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Incandescent ban evokes nanny state

September 18, 2012 8:50 am | by Jason Lomberg, Technical Editor | Articles | Comments

I've never thought of incandescents as dangerous contraband, but beginning September 30th, the Edison light bulb will be analogous with moonshine liquor and mind-altering drugs. Absent legislative action (which caused this mess in first place), this quintessential lighting technology faces mandatory retirement.

Open innovation: From its beginning to today

September 14, 2012 12:18 pm | by Ed Bernstein, President, Industrial Research Institute | Blogs | Comments

In our constantly changing world, corporations find themselves continually adapting to new trends and technologies, and often reinventing themselves to remain relevant. In fact, with our changing global business environment, staying the course is not an option if today’s businesses want to remain viable and competitive.

Doing the math

September 14, 2012 9:49 am | by M. Simon | Blogs | Comments

For all you random number lovers there is some excellent documentation on the www about linear feed back shift registers. LFSRs are a way to produce quasi random numbers without too much effort. Why quasi random? Well one number is excluded (all ones or all zeroes) depending in whether you use the XNOR or XOR function for computing your random number.

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Can technology force you to relax?

September 14, 2012 9:10 am | by Kasey Panetta, Associate Editor | Articles | Comments

In today’s world we’re all guilty of multi-tasking. We talk on the phone while we drive to work. We check email while eating breakfast. We read a book on the treadmill. There are just too many things to do and too few hours in the day. Sometimes you have to be reminded to stop

When smart cars get street smart

September 13, 2012 8:47 am | by Chris Warner, Executive Editor | Articles | Comments

In recent years, there’s been a lot of buzz about automotive infotainment systems — features that are built into recent model cars that can offer anything from satellite navigation, DVD players, internet access and more. This has led to concern from regulators about driver inattention and its impact on safety.

Bike alone? You need this helmet sensor

September 11, 2012 4:12 pm | by Kasey Panetta, Associate Editor | Blogs | Comments

As a naturally clumsy person, I’m all about using technology to improve safety, whether it’s in a car or on a motorcycle. If there was a device that would beep before my knee collided with a desk, cubicle wall, low table, or other immovable object, I would own 12.

Getting in your head

September 11, 2012 10:54 am | by Jeff Reinke, Editorial Director | Articles | Comments

Professor Edward S. Boyden is probably one of the few individuals on the planet who is actually best described as a brainiac. Currently serving as the principal investigator at the Massachusetts Institute of Technology’s Synthetic Neurobiology Group, Boyden’s mission is to develop tools for controlling and observing the dynamic circuits of the brain.

Twitter politics: How social media impacts presidential elections

September 10, 2012 5:28 pm | by Jason Lomberg, Technical Editor | Articles | Comments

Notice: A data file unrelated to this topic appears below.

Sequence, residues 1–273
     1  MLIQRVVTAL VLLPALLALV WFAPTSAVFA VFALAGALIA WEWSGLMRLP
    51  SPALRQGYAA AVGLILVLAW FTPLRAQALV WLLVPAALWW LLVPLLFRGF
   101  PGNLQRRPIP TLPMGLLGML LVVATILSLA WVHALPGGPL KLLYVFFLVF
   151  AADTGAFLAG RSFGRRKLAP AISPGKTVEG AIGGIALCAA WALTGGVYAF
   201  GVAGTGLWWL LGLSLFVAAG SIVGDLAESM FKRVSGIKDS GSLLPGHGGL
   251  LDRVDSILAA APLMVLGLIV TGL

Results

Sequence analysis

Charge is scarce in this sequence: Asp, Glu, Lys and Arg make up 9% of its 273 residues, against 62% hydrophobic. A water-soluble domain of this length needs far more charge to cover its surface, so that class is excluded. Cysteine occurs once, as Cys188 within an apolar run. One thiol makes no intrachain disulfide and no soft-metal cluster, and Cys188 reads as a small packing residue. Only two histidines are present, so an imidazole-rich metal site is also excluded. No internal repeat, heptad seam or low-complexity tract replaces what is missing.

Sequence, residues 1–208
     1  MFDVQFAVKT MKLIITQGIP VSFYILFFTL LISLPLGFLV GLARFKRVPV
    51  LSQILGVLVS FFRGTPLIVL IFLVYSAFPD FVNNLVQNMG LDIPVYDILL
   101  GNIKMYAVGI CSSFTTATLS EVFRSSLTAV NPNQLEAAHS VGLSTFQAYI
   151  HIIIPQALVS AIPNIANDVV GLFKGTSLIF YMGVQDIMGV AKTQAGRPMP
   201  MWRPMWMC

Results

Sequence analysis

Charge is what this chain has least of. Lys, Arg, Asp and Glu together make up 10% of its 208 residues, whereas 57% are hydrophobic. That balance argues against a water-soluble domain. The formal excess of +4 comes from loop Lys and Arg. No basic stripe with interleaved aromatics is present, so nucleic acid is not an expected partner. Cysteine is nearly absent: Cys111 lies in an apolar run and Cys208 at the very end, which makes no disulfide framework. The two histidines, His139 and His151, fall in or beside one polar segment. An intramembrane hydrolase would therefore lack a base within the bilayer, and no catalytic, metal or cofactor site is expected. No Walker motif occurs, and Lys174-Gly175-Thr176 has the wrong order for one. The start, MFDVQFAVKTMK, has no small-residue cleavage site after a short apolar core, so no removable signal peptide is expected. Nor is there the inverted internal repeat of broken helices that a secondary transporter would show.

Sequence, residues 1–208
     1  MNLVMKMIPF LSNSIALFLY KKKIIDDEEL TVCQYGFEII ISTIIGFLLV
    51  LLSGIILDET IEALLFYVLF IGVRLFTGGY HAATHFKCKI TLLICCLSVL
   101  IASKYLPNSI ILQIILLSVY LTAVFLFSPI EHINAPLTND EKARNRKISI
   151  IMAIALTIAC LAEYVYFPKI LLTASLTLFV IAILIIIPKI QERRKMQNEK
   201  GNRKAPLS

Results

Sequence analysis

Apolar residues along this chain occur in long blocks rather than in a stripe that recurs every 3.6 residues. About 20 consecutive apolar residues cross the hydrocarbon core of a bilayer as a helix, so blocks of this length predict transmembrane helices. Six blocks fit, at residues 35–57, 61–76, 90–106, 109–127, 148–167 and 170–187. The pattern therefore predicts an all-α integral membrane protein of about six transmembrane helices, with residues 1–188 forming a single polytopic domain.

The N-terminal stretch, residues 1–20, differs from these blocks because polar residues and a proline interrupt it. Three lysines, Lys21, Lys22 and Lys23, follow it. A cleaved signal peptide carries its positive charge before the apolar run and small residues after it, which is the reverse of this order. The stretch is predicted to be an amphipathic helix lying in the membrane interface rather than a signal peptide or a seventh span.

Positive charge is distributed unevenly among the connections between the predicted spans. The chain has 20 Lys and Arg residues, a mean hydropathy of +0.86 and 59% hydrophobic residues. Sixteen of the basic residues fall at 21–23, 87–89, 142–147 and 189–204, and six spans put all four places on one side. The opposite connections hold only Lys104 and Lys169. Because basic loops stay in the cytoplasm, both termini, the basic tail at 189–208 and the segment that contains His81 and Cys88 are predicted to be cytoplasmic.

The news that President Barack Obama's acceptance speech at the Democratic National Convention was the "biggest political moment ever" on Twitter isn’t exactly surprising, but it’s worth taking a look at how social media influences political contests.

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Stack architecture

September 7, 2012 9:11 am | by M. Simon | Blogs | Comments

I have been interested in computers with stack architectures for a long time. I wrote a bit about one of the latest versions at ECN a while back: Testing The GA144 Eval Board. For those of you not familiar with the subject I thought it might be a good idea to present some resource material.

10 must-see posts from August

September 6, 2012 4:23 pm | by Editors | Blogs | Comments

Here’s a rundown of the most read, most popular, most awesome articles for August. They all come with a witty, engaging summary just in case you missed them the first time or want to check up on an old favorite. Keep checking out the Lead and follow us on twitter @ecnmagazine for our most up-to-date articles.

Hit them with a lightning bolt

September 5, 2012 3:22 pm | by M. Simon | Blogs | Comments

As some of you may remember, I was having some trouble with the Atmel programming tools. Their Studio 6 assembler and simulator are excellent. But their chip programmers leave one or two things to be desired. Well I'm going to do the usual hardware guy solution. I'm going to hit the pins used for programming with lightning bolts.

Another big benefit of in-cell touch on Apple’s iPhone 5: Larger battery capacity

September 5, 2012 3:12 pm | by Shawn Lee, DisplaySearch | Blogs | Comments

In the run-up to the iPhone 5 unveiling next month, there is a great deal of discussion about potential new features, including an A6 SoC with quad-core structure, higher clock speed CPU and GPU, larger display with in-cell touch, higher resolution camera, and advanced OS. While it is not clear which of these features will be realized, any that are will result in higher power consumption.

End your parking woes with this foldable car

September 5, 2012 3:12 pm | by Kasey Panetta, Associate Editor | Blogs | Comments

Anyone who has ever lived in a city knows what it feels like to drive around attempting to find street parking before giving up and dumping the car in an expensive garage. If you frequently suffer from No Parking Spaces Syndrome (or NPSS)...

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Tech uses thermal imaging to scan for drunks